Do Hot Foods Produce Hotheads?

New research links spicy foods to aggressive thoughts.
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(Photo: Lauren Topor/Flickr)

(Photo: Lauren Topor/Flickr)

It has become one of our most popular consumer products, with many young people enjoying it literally every day. Research suggests a regular diet can produce elevated levels of aggression, however.

Relax, video game enthusiasts: This post is not about you. Unless, that is, your between-game snacks regularly feature chips dipped in extra-hot salsa.

Three studies “provide strong evidence that consumption of, or exposure to, spicy food evokes aggression-related thoughts,” a research team led by Rishtee Batra of the Indian School of Business in Hyderabad writes in the Journal of Experimental Social Psychology.

Among other things, the researchers found spicy foods made people more likely to interpret another’s actions as aggressive. It’s only a matter of time before defense attorneys start claiming their clients were innocent victims of Jalapeño-induced hostility.

The central study featured 60 college students who began by taking a “taste test,” sampling either a plain tortilla chip or one “with two drops of habanero hot sauce.”

They then were given 20 word fragments and asked to complete each, choosing between one of two options. For 10 of the fragments (such as H-T), their choice was between a word connoting aggression (HIT) and one that did not (HAT).

Finally, they “read a vignette in which a protagonist named Jay behaves in an ambiguously aggressive manner.” (The narrator notes that “I heard him demand his money back from the cashier” at the supermarket, although he has no idea what precipitated the dispute.) After finishing, the participants “indicated the extent to which Jay exhibited aggressive intent.”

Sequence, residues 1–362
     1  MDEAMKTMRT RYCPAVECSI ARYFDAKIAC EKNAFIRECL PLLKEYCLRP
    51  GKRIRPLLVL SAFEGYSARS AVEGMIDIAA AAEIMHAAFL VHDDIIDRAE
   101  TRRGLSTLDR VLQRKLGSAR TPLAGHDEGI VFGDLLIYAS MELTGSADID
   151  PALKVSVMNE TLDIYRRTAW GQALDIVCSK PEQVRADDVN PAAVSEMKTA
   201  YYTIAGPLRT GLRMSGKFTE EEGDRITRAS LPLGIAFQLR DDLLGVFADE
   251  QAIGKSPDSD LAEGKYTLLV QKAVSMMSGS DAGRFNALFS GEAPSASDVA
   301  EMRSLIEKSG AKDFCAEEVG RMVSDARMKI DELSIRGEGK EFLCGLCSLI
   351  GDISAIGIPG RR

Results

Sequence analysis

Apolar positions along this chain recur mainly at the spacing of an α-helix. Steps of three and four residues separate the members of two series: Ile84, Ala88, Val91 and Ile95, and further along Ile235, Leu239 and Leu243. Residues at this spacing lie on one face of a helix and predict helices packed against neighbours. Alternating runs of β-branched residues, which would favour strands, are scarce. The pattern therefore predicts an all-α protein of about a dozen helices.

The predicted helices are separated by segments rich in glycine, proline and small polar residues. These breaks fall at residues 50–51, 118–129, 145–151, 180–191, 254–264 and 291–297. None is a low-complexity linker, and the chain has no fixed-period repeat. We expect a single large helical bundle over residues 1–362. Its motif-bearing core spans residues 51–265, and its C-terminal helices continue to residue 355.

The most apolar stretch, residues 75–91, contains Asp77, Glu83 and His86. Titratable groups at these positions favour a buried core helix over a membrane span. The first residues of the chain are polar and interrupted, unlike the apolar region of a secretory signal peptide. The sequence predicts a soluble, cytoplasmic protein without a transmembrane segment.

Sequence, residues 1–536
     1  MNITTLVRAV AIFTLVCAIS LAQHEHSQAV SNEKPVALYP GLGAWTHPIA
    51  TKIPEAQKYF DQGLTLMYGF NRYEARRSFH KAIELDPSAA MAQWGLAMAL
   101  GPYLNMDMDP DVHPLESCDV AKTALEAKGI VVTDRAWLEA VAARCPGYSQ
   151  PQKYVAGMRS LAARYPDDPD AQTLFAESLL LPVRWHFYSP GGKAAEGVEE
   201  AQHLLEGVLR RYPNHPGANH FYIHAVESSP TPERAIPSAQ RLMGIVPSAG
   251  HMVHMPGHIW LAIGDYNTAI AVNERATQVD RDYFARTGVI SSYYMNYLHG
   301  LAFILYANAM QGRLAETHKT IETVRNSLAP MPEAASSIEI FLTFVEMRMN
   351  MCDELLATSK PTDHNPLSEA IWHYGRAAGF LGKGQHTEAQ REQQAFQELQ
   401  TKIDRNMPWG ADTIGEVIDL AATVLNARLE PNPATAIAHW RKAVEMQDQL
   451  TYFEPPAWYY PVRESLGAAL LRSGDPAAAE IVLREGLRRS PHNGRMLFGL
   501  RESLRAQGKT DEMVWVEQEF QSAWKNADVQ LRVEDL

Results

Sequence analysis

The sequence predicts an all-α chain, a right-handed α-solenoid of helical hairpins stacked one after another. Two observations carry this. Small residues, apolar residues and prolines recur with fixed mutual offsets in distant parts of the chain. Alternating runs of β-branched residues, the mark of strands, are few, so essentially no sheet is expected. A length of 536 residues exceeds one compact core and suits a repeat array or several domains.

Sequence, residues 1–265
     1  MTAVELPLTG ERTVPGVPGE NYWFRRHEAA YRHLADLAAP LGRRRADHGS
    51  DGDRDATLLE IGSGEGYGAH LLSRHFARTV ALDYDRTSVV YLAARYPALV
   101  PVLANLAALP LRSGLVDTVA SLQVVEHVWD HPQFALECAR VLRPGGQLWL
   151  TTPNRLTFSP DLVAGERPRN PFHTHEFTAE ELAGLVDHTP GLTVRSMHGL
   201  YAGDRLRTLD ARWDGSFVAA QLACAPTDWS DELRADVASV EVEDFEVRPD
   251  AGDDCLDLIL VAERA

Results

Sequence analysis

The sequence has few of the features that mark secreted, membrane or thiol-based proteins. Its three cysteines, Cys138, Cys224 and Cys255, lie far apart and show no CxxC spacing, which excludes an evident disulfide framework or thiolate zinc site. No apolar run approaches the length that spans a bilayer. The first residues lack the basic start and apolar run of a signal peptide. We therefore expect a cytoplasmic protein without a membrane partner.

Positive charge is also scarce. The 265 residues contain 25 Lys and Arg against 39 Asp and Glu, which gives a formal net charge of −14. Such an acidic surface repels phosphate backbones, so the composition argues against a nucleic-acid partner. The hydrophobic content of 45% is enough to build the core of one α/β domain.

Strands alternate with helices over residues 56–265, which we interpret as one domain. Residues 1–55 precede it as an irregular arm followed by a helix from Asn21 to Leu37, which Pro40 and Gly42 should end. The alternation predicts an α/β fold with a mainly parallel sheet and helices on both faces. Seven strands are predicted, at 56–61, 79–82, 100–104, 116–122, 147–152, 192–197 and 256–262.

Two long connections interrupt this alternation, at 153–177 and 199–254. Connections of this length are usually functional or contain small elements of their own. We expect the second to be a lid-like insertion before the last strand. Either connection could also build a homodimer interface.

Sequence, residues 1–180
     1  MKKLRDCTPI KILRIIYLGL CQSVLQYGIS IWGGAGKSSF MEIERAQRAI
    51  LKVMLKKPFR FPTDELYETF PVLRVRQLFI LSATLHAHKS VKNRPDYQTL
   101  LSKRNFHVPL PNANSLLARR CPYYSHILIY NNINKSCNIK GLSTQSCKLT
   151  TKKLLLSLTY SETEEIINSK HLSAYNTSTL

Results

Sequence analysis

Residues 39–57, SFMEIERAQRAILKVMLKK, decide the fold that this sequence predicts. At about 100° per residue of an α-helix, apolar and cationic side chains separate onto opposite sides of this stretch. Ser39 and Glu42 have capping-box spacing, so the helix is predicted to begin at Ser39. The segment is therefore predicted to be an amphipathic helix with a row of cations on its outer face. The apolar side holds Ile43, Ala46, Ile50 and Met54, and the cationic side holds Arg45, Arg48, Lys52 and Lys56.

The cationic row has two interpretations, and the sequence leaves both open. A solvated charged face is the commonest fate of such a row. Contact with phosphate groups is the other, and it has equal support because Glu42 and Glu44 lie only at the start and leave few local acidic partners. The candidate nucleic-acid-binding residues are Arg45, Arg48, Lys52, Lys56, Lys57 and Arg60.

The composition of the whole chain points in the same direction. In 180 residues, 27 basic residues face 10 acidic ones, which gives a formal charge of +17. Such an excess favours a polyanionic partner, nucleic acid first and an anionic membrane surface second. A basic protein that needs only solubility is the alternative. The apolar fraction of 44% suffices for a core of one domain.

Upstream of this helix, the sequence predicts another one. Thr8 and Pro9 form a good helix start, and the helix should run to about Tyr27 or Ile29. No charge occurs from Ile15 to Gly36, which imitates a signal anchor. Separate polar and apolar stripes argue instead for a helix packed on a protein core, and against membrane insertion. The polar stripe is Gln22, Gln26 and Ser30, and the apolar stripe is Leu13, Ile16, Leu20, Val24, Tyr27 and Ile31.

The results: “There was a greater activation of aggression-related thoughts among those who consumed the spicy food,” the researchers report. In addition, people who had eaten the spicy chip assumed “higher aggressive intent in Jay.”

In another study, the 108 participants (also students) either saw photographs of spicy foods, or were verbally asked about whether they enjoyed such items. They then completed the same tests as those in the previous group.

Those who had seen the photos “imputed higher aggressive intent in Jay.” Those who merely talked about them did so as well, albeit to a lesser extent. This suggests thoughts of such foods can produce aggression-related ideas even if you don’t actually taste them.

Why chili might make one combative isn’t entirely clear, but a 2014 study found men with higher testosterone levels preferred spicier foods. The researchers also note that “spicy foods contain higher levels of capsaicin, an ingredient that has been shown to evoke discomfort, aggression, and even pain.”

So, before you angrily accuse a fellow restaurant patron of looking at you the wrong way, consider the dish you have been dining on. It’s quite possible that curry isn’t doing you any favors.

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